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Warning! Some of these services can be highly addictive! Take Viddy for example. In preparing this post, I was surprised at how effective and uterly captivating the site's short-form clips can be.
So who might be able to break through in future? Here are five candidates who could have what it takes:
1 - Viddy
Though like Socialcam, Viddy’s numbers aren’t (as yet) at the mass adoption stage, I think it out of the two it has more potential.
Viddy’s 15 second format is sound for a number of reasons. It eats up less mobile bandwidth (and hence data costs) for one thing.
The difference between 15 seconds of Viddy and two minutes of Socialcam can also make a big difference between how a mobile video is perceived.
Finally, Viddy has now migrated to Android after being iOS only and has a number of celebrity users (Justin Bieber anyone?)
2 - Cinemagram and animated gifs
Not strictly speaking mobile video as such, animated gifs have developed a cult following and have also been used by the mainstream media to add colour to major happenings ranging from the Olympics to the Presidential elections.
3 - Frameblast
One unique feature? The ability to splice together various video clips into one mobile video (unlike Viddy or Socialcam where the one video you take is the one you edit and share).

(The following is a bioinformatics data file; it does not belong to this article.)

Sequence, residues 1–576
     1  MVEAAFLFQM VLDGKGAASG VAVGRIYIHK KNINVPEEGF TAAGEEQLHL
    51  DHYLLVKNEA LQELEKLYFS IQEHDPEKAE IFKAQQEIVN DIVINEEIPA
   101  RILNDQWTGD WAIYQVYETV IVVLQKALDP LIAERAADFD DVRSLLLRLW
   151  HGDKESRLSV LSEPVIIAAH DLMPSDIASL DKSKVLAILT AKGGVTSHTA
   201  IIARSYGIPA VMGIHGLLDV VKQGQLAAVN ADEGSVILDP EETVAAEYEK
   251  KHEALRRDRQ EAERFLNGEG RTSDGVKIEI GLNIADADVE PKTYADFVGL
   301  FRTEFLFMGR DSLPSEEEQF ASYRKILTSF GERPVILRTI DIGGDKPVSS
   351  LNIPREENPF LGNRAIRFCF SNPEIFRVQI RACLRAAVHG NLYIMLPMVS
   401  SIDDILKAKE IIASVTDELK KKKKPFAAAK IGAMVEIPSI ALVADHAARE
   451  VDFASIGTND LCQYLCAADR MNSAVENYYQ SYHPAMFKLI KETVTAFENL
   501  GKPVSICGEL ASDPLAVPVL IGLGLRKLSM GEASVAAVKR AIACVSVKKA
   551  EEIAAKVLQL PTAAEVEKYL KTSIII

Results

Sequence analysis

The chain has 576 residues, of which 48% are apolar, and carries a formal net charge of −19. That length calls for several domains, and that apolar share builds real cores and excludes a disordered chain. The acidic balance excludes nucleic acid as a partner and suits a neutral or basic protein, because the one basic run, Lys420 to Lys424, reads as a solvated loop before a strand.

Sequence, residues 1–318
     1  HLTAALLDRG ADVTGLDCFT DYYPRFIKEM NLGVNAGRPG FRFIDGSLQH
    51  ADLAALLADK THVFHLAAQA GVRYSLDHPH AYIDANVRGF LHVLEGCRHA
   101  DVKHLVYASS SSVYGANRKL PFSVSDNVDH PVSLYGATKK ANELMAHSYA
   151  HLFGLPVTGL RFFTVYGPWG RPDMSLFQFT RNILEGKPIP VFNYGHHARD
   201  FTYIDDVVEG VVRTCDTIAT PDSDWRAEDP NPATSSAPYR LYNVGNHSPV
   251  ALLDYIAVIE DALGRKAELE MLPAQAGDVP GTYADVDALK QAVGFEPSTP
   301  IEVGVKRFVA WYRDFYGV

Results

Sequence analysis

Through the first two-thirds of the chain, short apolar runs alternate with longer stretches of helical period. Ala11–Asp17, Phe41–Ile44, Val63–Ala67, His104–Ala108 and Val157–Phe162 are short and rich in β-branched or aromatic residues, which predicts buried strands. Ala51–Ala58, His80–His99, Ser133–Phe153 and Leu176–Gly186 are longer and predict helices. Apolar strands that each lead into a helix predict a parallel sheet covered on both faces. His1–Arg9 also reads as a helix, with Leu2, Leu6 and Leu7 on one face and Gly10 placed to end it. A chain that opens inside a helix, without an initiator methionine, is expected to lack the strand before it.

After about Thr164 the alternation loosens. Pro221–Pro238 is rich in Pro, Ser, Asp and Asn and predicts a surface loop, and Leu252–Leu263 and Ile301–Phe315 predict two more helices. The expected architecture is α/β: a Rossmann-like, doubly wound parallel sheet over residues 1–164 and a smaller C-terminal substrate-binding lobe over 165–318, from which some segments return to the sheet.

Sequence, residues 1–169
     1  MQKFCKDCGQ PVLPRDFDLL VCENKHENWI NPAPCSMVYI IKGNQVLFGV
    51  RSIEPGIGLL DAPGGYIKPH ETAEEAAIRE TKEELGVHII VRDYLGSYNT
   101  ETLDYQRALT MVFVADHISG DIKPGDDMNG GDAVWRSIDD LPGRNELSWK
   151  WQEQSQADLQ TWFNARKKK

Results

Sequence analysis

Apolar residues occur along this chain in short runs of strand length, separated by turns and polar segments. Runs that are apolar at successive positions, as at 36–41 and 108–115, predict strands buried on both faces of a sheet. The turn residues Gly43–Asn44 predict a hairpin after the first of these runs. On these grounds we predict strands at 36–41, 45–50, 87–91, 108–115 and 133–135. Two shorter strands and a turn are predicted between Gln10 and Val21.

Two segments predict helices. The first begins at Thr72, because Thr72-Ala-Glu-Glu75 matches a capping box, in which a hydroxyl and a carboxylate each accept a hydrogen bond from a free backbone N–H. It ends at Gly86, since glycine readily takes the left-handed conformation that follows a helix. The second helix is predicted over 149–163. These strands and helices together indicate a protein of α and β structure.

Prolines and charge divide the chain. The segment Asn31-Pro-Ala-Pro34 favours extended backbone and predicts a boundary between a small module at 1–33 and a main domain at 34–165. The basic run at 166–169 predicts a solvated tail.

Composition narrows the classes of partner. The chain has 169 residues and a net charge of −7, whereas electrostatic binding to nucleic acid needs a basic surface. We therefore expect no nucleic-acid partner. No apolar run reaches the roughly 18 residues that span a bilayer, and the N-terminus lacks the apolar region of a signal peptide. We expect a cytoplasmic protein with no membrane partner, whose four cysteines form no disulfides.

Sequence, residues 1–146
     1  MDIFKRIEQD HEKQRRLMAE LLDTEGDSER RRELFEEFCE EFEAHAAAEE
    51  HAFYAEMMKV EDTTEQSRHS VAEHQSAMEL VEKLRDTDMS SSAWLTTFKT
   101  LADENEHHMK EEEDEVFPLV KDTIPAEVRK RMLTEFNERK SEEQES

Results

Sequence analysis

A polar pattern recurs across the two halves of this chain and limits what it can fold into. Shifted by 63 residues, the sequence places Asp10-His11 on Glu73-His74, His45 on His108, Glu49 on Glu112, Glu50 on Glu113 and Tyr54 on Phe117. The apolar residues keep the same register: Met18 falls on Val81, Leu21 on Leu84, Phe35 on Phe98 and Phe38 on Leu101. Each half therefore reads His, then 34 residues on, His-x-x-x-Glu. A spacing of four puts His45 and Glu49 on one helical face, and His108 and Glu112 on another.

Like Strum (see below), Frameblast also makes a big deal out of the ability to add a music track on top of your clip.
4 - Snapchat and mobile video messaging applications
Facebook itself paid Snapchat the ultimate compliment by (unsuccessfully) trying to directly copy Snapchat’s model of short, temporary video messages that self destruct after being watched.
Partially as a result of Facebook’s ‘poke’ app, the mainstream media has now woken up to the fair amount of adoption Snapchat is getting with teens and young adults (including questioning whether its a ‘sexting’ tool).
5 - Strum
Smule, the developer of Ocarina, one of Apple’s all time top twenty apps, has taken the Viddymodel of 15 second video one stage further.
Essentially by adding music you turn your clip into a short home-grown music video.
Personally I think that by mixing 15 second video with social audio, Smule is onto a potential winner.
As a piece in Fast Company points out, the company has form - a track record of having seen 950 million pieces of music being created across 78 million devices through its existing music-related apps.
So what is the relevance of this post to the ADM community? Consider these stunning statistics: